What is a Financial Planner?
These days, it seems like everyone fancies him or herself as a "'financial planner.'" In reality, a so-called "planner' may actually be a broker, insurance agent, an accountant, or even an attorney who has usurped a title. Unfortunately, these folks may not always have your best interests in mind.
This is precisely why it is best to find a method of picking the right person so that you can prevent your money from going nowhere; or worse, disappearing.
"Just because someone tells you he is a financial planner doesn't mean that they really are, or that they follow any type of process or guidelines designed to benefit you and your investments," says Matthew Everson, owner of MJ Everson Financial in Santa Rosa.
Here are some steps you can take in choosing a financial planner that will help ensure your best interests and investments are protected:
- Narrow down your prospective planners. Ask those you trust who they have used and if they feel confident in that planner's ability.
- Ask about a free initial meeting. Any person who pressures or rushes you to make a decision is a red flag. A good planner will give you the time to evaluate a proposal and allow you to decide whether it is right for you.
- Check out their credentials. There are many organizations and designations that denote one thing or another about a person's background. In the end, the planner should be licensed, free of criminal background and independent of conflicts that may jeopardize your best interests.
- Find out if the planner is a captive agent. This means that they work for a firm which only allows him or her to present you with that firm's available products. This setup prevents the planner from being able to build a proposal around your specific needs. It would be like shopping at a grocery store that only sells you one brand of milk, one brand of cookies, one brand of eggs, etc. You don't accept that in the rest of your life; you shouldn't accept it for your money, either.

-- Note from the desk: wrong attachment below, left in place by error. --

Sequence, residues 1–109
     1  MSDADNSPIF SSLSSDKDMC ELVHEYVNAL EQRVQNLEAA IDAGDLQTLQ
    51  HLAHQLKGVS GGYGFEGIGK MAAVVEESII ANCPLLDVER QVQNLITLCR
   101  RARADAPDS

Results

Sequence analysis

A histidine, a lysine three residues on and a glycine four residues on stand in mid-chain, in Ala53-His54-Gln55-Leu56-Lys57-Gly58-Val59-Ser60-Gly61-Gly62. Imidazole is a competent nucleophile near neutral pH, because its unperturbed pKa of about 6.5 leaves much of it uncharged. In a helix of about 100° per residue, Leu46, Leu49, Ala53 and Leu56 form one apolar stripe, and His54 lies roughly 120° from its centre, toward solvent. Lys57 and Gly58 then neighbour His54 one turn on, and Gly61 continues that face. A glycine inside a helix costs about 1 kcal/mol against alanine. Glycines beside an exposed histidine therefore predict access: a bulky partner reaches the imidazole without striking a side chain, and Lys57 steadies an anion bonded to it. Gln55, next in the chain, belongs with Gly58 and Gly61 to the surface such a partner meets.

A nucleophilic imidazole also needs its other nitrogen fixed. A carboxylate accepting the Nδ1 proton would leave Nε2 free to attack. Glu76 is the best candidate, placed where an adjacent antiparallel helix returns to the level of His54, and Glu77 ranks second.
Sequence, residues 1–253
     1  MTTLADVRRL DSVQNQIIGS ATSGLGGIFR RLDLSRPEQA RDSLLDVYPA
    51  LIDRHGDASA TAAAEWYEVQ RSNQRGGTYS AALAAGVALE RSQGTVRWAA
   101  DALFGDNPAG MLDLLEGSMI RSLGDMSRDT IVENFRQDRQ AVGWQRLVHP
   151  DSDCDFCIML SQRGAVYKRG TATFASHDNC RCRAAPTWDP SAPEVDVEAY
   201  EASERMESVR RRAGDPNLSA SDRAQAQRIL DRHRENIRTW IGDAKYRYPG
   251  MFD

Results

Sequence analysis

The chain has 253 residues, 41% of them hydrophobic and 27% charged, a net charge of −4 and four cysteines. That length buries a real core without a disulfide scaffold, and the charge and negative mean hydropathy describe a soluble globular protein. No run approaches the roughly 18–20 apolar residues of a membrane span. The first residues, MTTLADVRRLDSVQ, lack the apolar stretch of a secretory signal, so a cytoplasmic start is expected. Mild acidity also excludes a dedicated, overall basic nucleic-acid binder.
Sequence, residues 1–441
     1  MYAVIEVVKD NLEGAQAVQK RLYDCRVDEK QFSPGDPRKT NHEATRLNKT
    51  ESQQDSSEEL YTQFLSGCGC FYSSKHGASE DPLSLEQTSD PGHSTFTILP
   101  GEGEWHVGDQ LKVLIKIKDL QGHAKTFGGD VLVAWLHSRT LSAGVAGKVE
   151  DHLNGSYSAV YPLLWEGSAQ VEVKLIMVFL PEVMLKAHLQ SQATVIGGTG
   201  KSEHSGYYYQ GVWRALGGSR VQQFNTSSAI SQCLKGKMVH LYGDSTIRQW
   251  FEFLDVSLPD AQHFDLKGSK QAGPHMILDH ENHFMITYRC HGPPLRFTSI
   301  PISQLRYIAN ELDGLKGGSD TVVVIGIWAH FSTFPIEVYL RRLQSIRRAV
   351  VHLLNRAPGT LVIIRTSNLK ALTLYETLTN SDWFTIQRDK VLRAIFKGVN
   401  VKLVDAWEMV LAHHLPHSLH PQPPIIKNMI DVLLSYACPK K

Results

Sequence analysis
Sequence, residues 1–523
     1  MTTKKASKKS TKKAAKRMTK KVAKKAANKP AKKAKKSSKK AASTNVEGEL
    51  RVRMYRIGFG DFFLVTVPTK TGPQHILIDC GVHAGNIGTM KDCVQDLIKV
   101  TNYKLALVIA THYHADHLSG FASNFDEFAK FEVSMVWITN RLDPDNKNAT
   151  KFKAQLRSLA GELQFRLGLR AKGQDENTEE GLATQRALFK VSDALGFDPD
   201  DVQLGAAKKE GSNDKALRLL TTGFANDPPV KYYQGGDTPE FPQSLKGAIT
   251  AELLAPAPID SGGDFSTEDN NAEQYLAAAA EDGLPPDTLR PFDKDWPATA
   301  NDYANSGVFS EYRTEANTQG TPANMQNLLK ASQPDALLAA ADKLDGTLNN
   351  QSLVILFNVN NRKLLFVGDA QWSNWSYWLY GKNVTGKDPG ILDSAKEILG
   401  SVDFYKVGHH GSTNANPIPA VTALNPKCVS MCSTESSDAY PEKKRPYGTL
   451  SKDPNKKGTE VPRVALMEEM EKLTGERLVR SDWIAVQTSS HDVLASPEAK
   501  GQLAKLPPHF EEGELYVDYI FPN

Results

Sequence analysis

- Other qualifications to look for include experience in the field, specialization in senior needs, retirement plans, educational funding or other areas. It can be helpful to ask what the adviser's typical client has in assets and financial needs.
Don't automatically weed out a planner because he is fee-only, or just because that person accepts commissions. A commission-paid planner can accept people with lower assets to invest and can also provide a better base of products to choose from, assuming he or she is independent. A planner should have no problem telling you how he or she is compensated and how much that compensation affects your investments over time. There are positives and negatives to both types of compensation (fee and commissions), so do the numbers and see which scenario works best for you.
We feel very confident in stating that our company meets and surpasses these standards. Come in for a free one-hour visit to evaluate if MJ Everson Financial can meet your needs.
Investors should carefully consider the investment objectives, risks, charges and expenses before investing. Obtain a prospectus and other important information pertaining to investment products from your registered representative. Read all prospectus and other important information carefully and before investing. Investing involves risk. Principal and investment return will fluctuate and may lose value.